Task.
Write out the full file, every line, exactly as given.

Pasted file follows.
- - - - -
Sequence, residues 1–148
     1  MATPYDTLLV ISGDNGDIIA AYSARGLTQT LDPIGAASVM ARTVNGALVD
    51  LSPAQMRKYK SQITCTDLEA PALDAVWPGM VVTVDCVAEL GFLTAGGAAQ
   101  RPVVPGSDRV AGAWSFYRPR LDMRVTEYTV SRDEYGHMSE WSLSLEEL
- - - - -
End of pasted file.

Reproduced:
Sequence, residues 1–148
     1  MATPYDTLLV ISGDNGDIIA AYSARGLTQT LDPIGAASVM ARTVNGALVD
    51  LSPAQMRKYK SQITCTDLEA PALDAVWPGM VVTVDCVAEL GFLTAGGAAQ
   101  RPVVPGSDRV AGAWSFYRPR LDMRVTEYTV SRDEYGHMSE WSLSLEEL